The French tanning industry employs production techniques designed to protect the environment and consumer health.
Environmental standards – sustainable development
The French tanning industry has adopted environmental standards and developed technologies that show consideration for the natural environment:
With the introduction of waste sorting, disposal and recovery systems.
Water pollution control
With separate sewer systems and appropriate treatments.
In recent decades, science has helped the leather industry to reduce its water consumption by more than 60%, thanks to the development of new cleaning techniques, to the use of batch processing techniques based on clean technology, in place of rinsing, and to more efficient water management.
Most leather production – approximately 80% – now uses chromium III tanning methods. This produces a supple and soft leather that can be dyed in a wide variety of colours.
By reducing the quantity of chromium III to the exact quantities required to guarantee the quality that consumers expect of an article made of leather, the quantity of chromium discharged into the water used for the tanning process has been reduced by more than 90%.
Air pollution control
With the development of aqueous formulas to reduce emissions.
Science has enabled the leather industry to reduce emissions of organic solvents into the air by 90% for most types of leather. This reduction is due to the introduction of better systems, combined with new, more environmentally-friendly finishes.
There is ongoing investment in enhanced industrial plant and processes, with a view to reducing the environmental impact of the tanning industry.
Thanks to their ongoing efforts, a number of tanners have obtained the Entreprise Responsable et Durable [‘Responsible and Sustainable Company’] accreditation, which is awarded by the French Industrial Risk Centre (CNRI).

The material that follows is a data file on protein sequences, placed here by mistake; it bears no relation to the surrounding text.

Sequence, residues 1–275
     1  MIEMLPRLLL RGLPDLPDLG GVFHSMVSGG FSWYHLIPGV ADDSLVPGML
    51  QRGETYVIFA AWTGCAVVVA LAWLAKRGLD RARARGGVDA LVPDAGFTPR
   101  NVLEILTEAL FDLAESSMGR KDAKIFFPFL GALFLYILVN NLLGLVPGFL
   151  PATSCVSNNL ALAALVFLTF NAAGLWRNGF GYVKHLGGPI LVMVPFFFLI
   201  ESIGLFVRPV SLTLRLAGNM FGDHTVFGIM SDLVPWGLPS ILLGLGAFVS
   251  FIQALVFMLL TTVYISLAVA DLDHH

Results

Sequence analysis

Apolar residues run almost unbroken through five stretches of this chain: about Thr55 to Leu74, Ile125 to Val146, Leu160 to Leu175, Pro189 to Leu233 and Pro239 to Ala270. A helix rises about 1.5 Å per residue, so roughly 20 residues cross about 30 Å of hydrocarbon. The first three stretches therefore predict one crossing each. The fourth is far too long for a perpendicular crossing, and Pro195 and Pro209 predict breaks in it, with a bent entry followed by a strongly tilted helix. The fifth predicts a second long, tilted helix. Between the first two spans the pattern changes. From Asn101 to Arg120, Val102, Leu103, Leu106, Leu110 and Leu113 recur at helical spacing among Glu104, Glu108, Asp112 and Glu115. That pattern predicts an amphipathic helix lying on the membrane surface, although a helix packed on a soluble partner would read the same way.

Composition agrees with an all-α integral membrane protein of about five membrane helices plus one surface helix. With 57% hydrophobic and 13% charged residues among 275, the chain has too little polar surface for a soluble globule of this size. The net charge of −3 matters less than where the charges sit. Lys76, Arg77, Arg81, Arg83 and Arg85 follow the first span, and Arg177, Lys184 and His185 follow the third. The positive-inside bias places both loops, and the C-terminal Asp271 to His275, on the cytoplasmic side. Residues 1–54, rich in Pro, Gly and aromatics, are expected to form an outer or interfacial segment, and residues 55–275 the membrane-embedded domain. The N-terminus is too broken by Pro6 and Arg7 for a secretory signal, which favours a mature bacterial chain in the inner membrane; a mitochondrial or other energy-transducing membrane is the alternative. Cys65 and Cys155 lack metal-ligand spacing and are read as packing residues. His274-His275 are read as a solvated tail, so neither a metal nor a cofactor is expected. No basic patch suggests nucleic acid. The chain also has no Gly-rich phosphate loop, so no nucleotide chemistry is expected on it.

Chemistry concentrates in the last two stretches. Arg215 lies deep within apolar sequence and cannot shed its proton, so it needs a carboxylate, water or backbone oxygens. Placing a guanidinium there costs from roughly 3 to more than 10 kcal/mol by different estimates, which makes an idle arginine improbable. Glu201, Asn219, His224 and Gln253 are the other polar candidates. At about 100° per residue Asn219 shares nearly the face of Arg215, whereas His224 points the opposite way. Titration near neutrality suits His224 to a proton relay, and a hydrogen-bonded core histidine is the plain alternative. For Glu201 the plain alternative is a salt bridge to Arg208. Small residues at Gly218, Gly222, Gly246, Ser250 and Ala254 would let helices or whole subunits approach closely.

It should also be borne in mind that the tanning industry is first and foremost an activity based on recycling and recovering thousands of tonnes of hides and skins generated on a daily basis by slaughtering animals for their meat. What environmental impact would all this waste material have if it was not recycled by the tanning industry?
Protecting human health
Ensuring French leather safety is one of the industry’s main preoccupations
French and European standards governing chemical substances are strictly adhered to and monitored: correct proportioning of water and volatile matter; extractable matter, soluble matter and soluble mineral matter contained in leathers; and chloride ion content, to limit any adverse effects on consumer health.
The French leather industry prescribes a series of good practices to avoid generating allergenic substances and recommends the use of harmless substances such as basic chromium sulphate or vegetable tannins.
Monitoring is carried out by accredited bodies – notably CTC, Comité Professionnel de Development Economique Cuir Chaussure Maroquinerie [‘Economic Development Committee for the Footwear, Leather and Leather Goods Industry’] – using extremely high-tech tools, which can measure very low concentration levels of chemical substances – of the order of ppm (parts per million or mg per kg of leather).
Businesses are bound by French and European legislation governing installations classified on environmental protection grounds, and are supervised by the DREAL (French Regional Directorates of the Environment, Land Use and Housing) and by the Ministries of Labour, Employment, Vocational Training, Social Dialogue, Social Affairs and Health.
For mineral tanning, the French tanning industry uses chromium sulphate, also known as trivalent chromium or chromium III, which is totally harmless and poses no risk to consumers’ health. Chromium III should not be confused with chromium VI or hexavalent chromium.
Corporate social responsibility (CSR)
The French leather industry is the only one at international level to have been working for the past two years on its commitments in terms of being a good corporate citizen, within the framework of ISO standard 26000, which relates to CSR.
The Fédération Française de la Tannerie Mégisserie is working on this subject via two committees:
A Technical Committee, where the French Tanners Federation works with CTC, notably on the area of environment watch.
An Industry-Wide Committee covering the entire French leather industry, from upstream processing to downstream activities, with the aim of creating a set of CSR standards for the leather industry.
For further information on ISO standard 26000, please go to: http://www.iso.org/iso/home/news_index/news_archive/news.htm?refid=Ref1366